[2020] Enhanced Attentional Network by Short-Term Intensive Meditation

2020-07-15 11:08
Kwak, Seoyeon, So-Yeon Kim, Dahye Bae, Wu-Jeong Hwang, Kang Ik Kevin Cho, Kyung-Ok Lim, Hye-Yoon Park, Tae Young Lee, and Jun Soo Kwon. "Enhanced attentional network by short-term intensive meditation." Frontiers in psychology 10 (2020): 3073.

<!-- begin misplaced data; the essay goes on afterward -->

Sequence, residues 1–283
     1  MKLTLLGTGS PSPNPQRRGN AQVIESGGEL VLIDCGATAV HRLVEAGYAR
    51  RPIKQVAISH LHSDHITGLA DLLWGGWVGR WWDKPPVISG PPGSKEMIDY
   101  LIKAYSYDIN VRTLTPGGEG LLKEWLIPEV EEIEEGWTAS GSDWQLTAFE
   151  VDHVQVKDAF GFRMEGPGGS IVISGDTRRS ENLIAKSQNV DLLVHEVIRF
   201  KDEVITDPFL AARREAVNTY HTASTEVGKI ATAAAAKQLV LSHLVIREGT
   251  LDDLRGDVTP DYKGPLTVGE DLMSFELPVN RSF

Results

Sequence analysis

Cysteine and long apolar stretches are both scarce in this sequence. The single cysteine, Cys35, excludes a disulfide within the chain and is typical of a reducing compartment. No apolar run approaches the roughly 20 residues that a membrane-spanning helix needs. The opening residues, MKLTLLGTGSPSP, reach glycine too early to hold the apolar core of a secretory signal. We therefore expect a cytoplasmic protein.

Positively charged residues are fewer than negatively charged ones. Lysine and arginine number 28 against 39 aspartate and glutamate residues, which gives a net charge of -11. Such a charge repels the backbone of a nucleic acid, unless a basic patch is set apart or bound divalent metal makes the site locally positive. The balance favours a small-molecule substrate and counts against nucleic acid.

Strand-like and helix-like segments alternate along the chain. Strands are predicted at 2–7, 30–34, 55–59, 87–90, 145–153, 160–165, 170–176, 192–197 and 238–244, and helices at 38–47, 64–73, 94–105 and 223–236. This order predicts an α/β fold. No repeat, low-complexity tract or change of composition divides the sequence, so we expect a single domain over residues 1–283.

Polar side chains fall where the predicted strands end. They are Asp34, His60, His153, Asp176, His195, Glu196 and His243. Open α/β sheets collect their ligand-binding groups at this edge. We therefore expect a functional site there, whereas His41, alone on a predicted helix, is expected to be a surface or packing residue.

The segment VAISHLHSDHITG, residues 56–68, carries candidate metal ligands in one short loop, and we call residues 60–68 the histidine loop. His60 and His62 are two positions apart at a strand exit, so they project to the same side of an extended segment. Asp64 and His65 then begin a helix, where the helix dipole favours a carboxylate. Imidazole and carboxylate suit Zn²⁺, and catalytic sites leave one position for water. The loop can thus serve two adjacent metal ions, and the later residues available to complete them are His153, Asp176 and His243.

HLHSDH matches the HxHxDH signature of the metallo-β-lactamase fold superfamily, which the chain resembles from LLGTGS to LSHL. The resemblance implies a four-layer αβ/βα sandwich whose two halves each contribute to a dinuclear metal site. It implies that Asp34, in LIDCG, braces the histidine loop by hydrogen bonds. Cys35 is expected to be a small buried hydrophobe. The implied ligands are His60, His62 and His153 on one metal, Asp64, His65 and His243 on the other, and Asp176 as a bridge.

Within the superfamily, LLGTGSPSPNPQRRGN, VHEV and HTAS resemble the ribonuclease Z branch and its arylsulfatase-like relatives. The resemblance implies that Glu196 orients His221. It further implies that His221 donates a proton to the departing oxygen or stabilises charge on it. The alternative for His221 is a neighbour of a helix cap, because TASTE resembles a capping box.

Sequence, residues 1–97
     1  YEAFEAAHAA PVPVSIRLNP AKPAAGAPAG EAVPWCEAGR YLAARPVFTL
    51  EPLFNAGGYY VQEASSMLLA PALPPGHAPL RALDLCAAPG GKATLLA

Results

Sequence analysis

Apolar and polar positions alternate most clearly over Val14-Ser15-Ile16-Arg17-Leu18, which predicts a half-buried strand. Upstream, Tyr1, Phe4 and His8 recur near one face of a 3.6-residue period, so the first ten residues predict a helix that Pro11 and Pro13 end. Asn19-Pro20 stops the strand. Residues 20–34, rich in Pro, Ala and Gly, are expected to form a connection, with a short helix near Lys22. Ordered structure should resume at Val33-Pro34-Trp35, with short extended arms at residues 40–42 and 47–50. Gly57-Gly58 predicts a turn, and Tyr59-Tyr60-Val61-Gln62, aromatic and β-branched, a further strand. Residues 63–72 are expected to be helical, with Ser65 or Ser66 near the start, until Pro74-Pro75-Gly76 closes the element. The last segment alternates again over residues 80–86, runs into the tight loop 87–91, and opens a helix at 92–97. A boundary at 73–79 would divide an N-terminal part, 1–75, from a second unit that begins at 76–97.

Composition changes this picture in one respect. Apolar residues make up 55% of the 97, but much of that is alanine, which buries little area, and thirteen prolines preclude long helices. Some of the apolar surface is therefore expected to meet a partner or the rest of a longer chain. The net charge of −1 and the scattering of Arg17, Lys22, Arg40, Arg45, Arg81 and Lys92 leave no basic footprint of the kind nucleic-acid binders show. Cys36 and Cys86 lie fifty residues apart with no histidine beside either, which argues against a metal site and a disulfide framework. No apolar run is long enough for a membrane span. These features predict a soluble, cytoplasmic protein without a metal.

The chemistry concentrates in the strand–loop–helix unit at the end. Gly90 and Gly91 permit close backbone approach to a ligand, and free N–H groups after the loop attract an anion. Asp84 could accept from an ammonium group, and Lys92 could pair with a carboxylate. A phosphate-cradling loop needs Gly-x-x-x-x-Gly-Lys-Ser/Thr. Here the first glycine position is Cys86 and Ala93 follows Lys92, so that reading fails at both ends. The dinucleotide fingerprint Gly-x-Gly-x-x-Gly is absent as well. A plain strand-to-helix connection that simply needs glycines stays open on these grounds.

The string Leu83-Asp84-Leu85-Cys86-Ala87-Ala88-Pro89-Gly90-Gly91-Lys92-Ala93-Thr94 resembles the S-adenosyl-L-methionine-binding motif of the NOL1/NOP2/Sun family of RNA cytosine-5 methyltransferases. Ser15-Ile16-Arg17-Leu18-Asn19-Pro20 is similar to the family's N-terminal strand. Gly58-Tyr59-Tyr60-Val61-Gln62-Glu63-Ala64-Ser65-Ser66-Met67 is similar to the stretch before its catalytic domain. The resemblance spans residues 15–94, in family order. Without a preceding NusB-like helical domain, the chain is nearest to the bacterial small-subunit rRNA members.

While recent studies have suggested behavioral effects of short-term meditation on the executive attentional functions, functional changes in the neural correlates of attentional networks after short-term meditation have been unspecified. Here, we conducted a randomized control trial to investigate the effects of a 4-day intensive meditation on the neural correlates of three attentional functions: alerting, orienting, and executive attention. Twenty-three participants in meditation practice and 14 participants in a relaxation retreat group performed attention network test (ANT) during functional magnetic resonance imaging both before and immediately after intervention. The meditation group showed significantly improved behavioral performance in the executive control network in ANT after the intervention. Moreover, neural activities in the executive control network, namely, the anterior cingulate cortex (ACC) and dorsolateral prefrontal cortex (DLPFC), were also significantly increased during the ANT after meditation. Interestingly, neural activity in the right ACC was significantly predicted by behavioral conflict levels in each individual in the meditation group, indicating significant effects of the program on the executive control network. Moreover, brain regions associated with the alerting and orienting networks also showed enhanced activity during the ANT after the meditation. Our study provides novel evidence on the enhancement of the attentional networks at the neural level via short-term meditation. We also suggest that short-term meditation may be beneficial to individuals at high risk of cognitive deficits by improving neural mechanisms of attention.